• Jack said:

      I thought your review was fine. Sure, it was a bit on the light side. Maybe we should call it an overview for those that are finicky. But, you highlighted the most important aspects of the device, the fact that this device is not your regular phone and the unbound potential offered by this device. Personally, I love it. Check this out for something no other phone can do:


    • Pieter said:

      I also have had a N900 for about 2 months and love it. Best complete mobile experience ever. The browser is the real thing – full flash and javascript. The convergence of communication options is also amazing. Skype, call, email, IM… its all there seamlessly. But the best bit is the free applications – it being open source.

    • ian said:

      I’ve had mine for 3 weeks.
      It is chunky, but then I don’t like the “fold me in half” look of the iPhone, so I’m definitely not complaining about that. The keyboard is definitely cramped for those of us with fat fingers. the top row sits about 4mm below the screen edge; I’ve yet to meet someone with fingers that thin.
      The camera on the back is a 5 MP; pictures are good enough, the best thought about it being the slide protecting the lens that also serves as an auto start for the camera app.
      The base apps are a bit on the light side, but the real bonus with this toy is the outlook. Maemo is open source, so if you want something bad enough all you need is a friendly (or broke) programmer.
      Porting apps from Linux is possible with effort. There’s a smattering of them already. Hackers have managed to run a complete Debian install on this machine; it’s processor and memory (32GB + up to 12GB microSD) are good enough, and there’s talk of openoffice possibly being ported. You don’t mention it uses synaptic to install; the Maemo OS is a real gem (OK, so I came from a windows mobile phone- it was a pretty low base), and the security is almost as good as a Linux laptop.

      One very impressive feature is the multitasking. Half way through a note when another phone call or SMS comes through; no problem. The OS opens your apps full screen, but moving between them is easy with the screen switcher, accessible either through Ctrl-Backspace or the top left button. Delays opening programs are next to nonexistent, and the graphics are smooth.
      The resistive screen is apparently “old fashioned”; however, it both requires and tolerates a firm push well, and doesn’t need warm fingers. I like it; capacitive screens are often a bit prima donna; this one doesn’t have the mouse jumping all over whenever I look at it.
      It’s connectivity is excellent, as mentioned. Particularly nice is the ease of setting up internet via wifi; the screen has a denser pixel rate than the iPhone and images and websites are sharp, so browsing is easy. Skype is installable; I haven’t used it but there’s apparently no difference in quality between skype and the phone. Bluetooth is a cinch.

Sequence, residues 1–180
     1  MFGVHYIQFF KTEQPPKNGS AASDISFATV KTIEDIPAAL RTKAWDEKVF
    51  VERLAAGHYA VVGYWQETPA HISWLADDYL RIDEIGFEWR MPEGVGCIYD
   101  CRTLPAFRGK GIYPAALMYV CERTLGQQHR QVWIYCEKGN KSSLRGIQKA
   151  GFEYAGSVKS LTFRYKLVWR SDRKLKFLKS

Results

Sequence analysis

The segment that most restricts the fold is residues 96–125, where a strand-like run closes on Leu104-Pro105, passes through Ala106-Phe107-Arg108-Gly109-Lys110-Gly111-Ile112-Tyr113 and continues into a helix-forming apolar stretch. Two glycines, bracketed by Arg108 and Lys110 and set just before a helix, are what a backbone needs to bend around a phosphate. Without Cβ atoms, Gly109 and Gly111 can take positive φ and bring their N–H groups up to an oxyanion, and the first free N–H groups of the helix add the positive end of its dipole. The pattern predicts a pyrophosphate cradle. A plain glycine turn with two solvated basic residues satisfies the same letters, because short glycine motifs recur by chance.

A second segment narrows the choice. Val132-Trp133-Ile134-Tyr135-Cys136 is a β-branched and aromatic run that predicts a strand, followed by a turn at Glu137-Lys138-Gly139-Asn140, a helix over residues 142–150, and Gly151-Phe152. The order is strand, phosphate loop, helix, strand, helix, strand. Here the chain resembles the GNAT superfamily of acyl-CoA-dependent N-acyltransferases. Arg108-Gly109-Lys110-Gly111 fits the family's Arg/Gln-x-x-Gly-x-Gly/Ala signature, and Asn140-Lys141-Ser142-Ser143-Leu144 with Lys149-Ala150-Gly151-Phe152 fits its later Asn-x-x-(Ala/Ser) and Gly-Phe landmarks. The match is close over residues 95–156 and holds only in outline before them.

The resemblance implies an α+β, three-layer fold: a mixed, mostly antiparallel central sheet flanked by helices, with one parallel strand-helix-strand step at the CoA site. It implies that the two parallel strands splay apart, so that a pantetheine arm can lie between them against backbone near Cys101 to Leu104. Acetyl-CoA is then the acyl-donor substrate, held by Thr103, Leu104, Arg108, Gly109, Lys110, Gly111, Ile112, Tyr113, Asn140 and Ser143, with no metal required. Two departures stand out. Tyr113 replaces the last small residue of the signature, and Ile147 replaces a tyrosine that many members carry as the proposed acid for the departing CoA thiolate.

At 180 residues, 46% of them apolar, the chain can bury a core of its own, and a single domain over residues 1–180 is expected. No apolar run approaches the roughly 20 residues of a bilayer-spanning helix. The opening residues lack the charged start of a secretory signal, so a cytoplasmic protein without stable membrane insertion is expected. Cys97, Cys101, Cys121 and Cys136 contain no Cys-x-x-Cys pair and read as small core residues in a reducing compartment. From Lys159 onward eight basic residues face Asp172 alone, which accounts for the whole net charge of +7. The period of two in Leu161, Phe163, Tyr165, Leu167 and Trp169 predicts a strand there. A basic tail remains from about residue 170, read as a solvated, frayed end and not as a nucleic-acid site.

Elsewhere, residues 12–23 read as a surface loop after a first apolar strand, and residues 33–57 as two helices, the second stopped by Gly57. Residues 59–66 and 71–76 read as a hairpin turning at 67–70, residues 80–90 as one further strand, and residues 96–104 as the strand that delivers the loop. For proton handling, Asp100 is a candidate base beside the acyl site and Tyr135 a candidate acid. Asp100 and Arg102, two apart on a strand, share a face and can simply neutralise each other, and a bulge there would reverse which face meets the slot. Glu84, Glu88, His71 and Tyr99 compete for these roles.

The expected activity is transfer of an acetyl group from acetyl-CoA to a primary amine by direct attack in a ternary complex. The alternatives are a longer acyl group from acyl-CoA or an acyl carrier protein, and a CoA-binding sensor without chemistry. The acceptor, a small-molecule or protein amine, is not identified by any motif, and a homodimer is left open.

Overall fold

The contacts and calendar integration/ operation is OK, but some bits are evidently still a work in progress. Copying appointments doesn’t work at present, for instance. Notes; the installed version is minimal, but there’s an app called Conboy available from the Maemo store that is a port of the Linux app, and it’s got all the features of a full- fledged note app.

      Ovi maps is installed (Ovi being the Nokia app store); the maps are fine, and it does the basics OK.

    • Disco Stu said:

      I have read many a review of this device now and having owned one for a little while it is my humble opinion that this is the best smartphone on the market. Even though Nokia has not labelled it a smartphone, more a portable computer with phone functionality. Which I do agree with but the add on phone functionality is more than adequate to say the least, it has everything you would want from a mobile phone:- fully customisable contacts with photos and loads of options and extra fields for loads of info on each person or company.

      Also you have complete freedom with the phone as to how you want it to look and how you want it to function. Which in this Apple I phone era is a breath of fresh air, nothing is locked down which is quite a rarity these days, you will struggle to find a handset that is not throttled by the network company, holding back certain features and settings.

      Another thing I’ve heard people say is that it is “big and ugly” which I do not understand. In my opinion it is quite a refreshing and unabashed design, not wanting to look too flash but at the same time creating a somewhat mysterious and intriguing dark, monolithic look which I find quite appropriate for what could be the big device for 2010.

    • olegyins said:

      Great site!!! Bookmarked.

    • Nokkyboy said:

      I still love my N900 Nokia phone. There are some great apps on it too. Far superior to the other smartphones around.